Satomi Mizusawa is a first-year high school student, and normally on the bashful side. But when a mystery boy saves her from a handsy stranger on the subway, she throws shyness out the window in her quest to meet her rescuer properly. She still regrets failing to act on a past crush and is determined not to make the same mistake again. So when she discovers that the boy, Yagyu, attends her school, Mizusawa makes a point of telling him that she wants to get to know him better. He agrees, and suddenly, they’re dating!
Unlike the common “will they or won’t they” romantic storyline, this manga settles the question immediately, following it with “and now what?” Mizusawa has never dated before, and she isn’t sure what the norms and expectations are. Can you ask for attention without seeming needy? What do you do when one of his friends seems not to like you? How do you tell your boyfriend that your birthday is coming up without sounding like you’re fishing for presents? Fortunately, Mizusawa has her supportive friend Nimo to help her figure it all out.
The central romance of this story is sweet, with Mizusawa and Yagyu each standing up for and taking care of the other. They’re clearly both still figuring out how to date, and each seems willing to give the other the benefit of the doubt. Meanwhile, Nimo’s tell-it-like-it-is attitude adds some humor, as does the shock that Mizusawa’s older brother, Saichi, feels about his sister starting to date.
While the two main characters start dating abruptly, the relationship moves slowly in other ways. By the end of this volume, they have confessed to liking each other and have shared a couple of brief kisses. There is no more sexual content than this, aside from the stranger on the bus groping Mizusawa in one panel early on. There are a few moments of very mild danger, as when Mizusawa yells at a stranger for being rude to Yagyu and the stranger seems like he might possibly hit her before Yagyu intervenes. No one is hurt at any point in this gentle story.
The art of this manga is mostly straightforward and down-to-earth, with few visual exaggerations. Occasionally, a character appears in a chibi or stylized form for a single panel, and there are a couple of instances of floating hearts or fanciful screentones, but mostly, the art is consistent and realistic, by manga standards. Backgrounds are often minimal, composed mostly of screentones, keeping the focus on the characters and their emotions. When settings are illustrated, they are everyday places like school, Mizusawa’s home, or the mall.
This sweet, earnest romance will appeal to readers of romantic shojo manga, especially those who like a realistic contemporary setting. Unlike many series, it does not have a flashy hook—no sports stars, teen singing sensations, or characters hiding dramatic secrets (as far as we know). The most unusual part of the premise is the fact that Mizusawa and Yagyu start dating early on, eliminating the question of whether and how they will get together. Some readers may find this comforting, and might be intrigued by the new questions of how two high schoolers new to romance can build a relationship together.
Ima Koi: Now I’m in Love, vol. 1 By Ayuko Hatta VIZ, 2022 ISBN: 9781974728954 Publisher Age Rating: Teen (13+)
NFNT Age Recommendation: Teen (13-16) Creator Representation: Japanese Character Representation: Japanese
This uncanny story begins at the base of Mount Sengoku, where a woman named Kyoko Byakuya, whether by fate or chance, stumbles upon a secluded village covered by gold-colored “angel hair.” These fine threads of hair—known as divine Amagami—somehow possess a mystical ability that enables the villagers to commune with each other through the power of clairvoyance. But why do they believe this woman to be their messianic savior, and what unearthly forces have been unleashed by her sudden arrival?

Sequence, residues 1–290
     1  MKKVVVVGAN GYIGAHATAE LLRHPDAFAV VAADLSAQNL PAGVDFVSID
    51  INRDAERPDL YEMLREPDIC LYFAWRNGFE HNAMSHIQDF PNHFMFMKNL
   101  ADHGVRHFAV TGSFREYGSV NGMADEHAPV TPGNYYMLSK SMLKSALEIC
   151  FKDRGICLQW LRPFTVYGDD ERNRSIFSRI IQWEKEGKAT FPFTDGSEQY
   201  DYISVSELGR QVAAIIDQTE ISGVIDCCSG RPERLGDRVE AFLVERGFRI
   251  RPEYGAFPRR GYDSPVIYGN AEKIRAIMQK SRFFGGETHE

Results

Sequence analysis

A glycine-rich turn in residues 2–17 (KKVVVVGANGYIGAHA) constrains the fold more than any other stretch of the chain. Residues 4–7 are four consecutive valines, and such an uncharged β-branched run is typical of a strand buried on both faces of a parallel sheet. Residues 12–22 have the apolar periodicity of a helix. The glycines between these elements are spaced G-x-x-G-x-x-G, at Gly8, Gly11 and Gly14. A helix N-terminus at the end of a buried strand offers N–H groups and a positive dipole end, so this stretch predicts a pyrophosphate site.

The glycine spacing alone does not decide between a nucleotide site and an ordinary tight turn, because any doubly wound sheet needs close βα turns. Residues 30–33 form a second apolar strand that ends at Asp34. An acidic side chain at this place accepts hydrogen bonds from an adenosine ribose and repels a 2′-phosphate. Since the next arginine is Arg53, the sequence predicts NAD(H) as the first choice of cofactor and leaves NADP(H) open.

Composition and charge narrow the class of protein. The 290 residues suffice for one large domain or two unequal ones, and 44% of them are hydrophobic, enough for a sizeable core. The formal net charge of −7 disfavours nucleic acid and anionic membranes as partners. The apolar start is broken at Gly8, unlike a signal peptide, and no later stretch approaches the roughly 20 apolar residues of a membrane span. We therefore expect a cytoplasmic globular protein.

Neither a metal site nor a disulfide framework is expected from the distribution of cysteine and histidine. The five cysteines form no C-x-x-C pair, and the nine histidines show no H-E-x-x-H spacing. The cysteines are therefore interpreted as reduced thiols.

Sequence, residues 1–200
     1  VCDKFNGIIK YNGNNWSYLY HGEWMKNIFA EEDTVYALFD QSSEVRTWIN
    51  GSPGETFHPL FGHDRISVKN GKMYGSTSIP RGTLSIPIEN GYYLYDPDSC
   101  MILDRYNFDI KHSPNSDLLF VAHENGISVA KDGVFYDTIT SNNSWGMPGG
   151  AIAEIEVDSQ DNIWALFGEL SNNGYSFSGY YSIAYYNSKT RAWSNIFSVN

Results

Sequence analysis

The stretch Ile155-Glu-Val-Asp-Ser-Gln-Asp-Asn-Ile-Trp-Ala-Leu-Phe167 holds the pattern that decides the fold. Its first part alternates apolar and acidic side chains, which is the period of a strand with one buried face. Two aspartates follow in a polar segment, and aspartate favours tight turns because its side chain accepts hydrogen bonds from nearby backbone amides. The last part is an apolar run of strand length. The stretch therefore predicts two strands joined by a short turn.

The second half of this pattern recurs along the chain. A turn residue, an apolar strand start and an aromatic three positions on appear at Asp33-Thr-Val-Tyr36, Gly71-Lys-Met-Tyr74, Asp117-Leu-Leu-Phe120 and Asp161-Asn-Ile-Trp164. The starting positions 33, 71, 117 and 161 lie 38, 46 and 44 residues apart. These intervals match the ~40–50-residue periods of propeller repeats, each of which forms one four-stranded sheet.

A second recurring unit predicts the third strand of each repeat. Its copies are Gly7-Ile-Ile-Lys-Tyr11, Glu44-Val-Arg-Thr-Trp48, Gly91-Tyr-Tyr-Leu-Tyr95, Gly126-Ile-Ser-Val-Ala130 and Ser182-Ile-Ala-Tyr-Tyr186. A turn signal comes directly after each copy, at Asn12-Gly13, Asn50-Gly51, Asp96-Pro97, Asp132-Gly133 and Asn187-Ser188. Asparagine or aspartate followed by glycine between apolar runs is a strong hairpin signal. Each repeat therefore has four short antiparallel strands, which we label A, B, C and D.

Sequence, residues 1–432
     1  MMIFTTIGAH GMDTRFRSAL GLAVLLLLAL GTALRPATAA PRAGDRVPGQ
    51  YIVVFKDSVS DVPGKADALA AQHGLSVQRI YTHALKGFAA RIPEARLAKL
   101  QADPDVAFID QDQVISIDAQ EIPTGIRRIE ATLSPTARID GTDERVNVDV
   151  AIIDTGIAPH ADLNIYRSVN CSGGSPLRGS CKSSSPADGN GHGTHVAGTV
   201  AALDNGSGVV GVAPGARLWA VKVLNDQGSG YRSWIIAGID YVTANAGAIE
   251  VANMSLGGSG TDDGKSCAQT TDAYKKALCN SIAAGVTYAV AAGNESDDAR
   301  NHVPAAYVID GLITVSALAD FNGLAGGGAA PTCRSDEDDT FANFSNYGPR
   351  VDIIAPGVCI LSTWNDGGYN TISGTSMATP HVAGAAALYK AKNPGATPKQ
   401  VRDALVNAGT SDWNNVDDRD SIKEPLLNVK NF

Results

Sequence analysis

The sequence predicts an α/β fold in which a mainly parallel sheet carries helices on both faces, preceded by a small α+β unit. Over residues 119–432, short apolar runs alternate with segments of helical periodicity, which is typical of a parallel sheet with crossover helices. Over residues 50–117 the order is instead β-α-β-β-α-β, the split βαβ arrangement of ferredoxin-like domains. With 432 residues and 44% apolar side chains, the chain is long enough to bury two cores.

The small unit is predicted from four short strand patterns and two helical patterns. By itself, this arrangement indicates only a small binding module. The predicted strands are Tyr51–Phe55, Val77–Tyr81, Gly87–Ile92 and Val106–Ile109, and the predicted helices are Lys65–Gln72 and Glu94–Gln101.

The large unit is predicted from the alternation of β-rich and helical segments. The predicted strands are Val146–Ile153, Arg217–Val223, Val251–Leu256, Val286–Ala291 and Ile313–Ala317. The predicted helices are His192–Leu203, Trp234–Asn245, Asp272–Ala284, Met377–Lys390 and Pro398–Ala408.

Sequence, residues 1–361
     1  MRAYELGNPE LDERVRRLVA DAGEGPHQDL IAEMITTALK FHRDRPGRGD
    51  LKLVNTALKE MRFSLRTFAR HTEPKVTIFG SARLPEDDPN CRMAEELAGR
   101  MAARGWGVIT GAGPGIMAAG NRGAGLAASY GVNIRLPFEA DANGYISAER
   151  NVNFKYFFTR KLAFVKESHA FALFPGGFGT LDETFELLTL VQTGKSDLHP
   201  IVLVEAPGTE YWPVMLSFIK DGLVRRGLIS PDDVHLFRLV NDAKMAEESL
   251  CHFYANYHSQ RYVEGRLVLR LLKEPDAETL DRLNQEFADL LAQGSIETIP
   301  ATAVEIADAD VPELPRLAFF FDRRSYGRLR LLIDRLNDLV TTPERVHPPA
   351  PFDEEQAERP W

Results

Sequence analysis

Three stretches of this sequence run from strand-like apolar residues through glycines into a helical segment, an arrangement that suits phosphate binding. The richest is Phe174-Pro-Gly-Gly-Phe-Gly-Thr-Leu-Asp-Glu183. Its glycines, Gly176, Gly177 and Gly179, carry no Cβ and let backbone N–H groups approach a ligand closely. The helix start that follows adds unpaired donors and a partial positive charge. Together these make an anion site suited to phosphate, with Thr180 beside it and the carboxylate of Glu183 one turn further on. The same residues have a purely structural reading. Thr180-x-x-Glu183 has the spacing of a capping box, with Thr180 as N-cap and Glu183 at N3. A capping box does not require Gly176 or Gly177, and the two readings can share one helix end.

Thus launches horror master Junji Ito’s Sensor, a cosmological tale of apocalyptic proportions. Whereas Ito usually spins tales of the macabre in short, self-contained stories with morbid shock endings, this graphic novel unfolds through episodic chapters, each one ratcheting up the suspense as side characters and incidents enter the plot. Among the intriguing elements are Wataru Tsuchiyado, a “no name” reporter who investigates the mysterious appearance of a woman with long, flowing golden hair, allegedly the sole survivor of a volcanic eruption from Mount Sengoku. During his investigation, an underground group of cult believers begin mobilizing their forces, seeking to summon forth their lord of destruction known as “The Black Hair.” Amidst these warring factions of good and evil, Ito injects his signature brand of horror including a hypnotherapy session that nearly spirals out of control; an onslaught of “suicide bugs” shaped like spiders with bulging sacs as they deliberately place themselves in harm’s way to be stomped upon; and a sinister woman in black who materializes in mirrors and stalks unsuspecting victims around the streets of Tokyo, causing traffic mayhem.
Ito serves up a flurry of horrific treats interspersed throughout an extensive storyline. From a pair of forlorn women with flowing, wispy hair to a dark, shadowy entity lurking in the hidden reaches of outer space, Ito infuses suspense with chilling effect. Swift action scenes punctuated by gradual close-upshots accentuate the mounting tension across his meticulously orchestrated panels.
Although fans accustomed to Ito’s self-contained tales of the macabre may prefer his concise narrative style, Sensor packs a unique dose of horror into an epic story that unfurls through episodic chapters, similar to the intense momentum of Remina. Furthermore, he conjures forth a cosmic tale that blends mystery, horror, fantasy, and even mythic elements that will diversify library collections in this obscure corner of the science fiction universe.
Sensor By Junji Ito VIZ, 2021 ISBN: 9781974718900 Publisher Age Rating: 16+
NFNT Age Recommendation: Adult (18+), Older Teen (16-18) Creator Representation: Japanese Character Representation: Japanese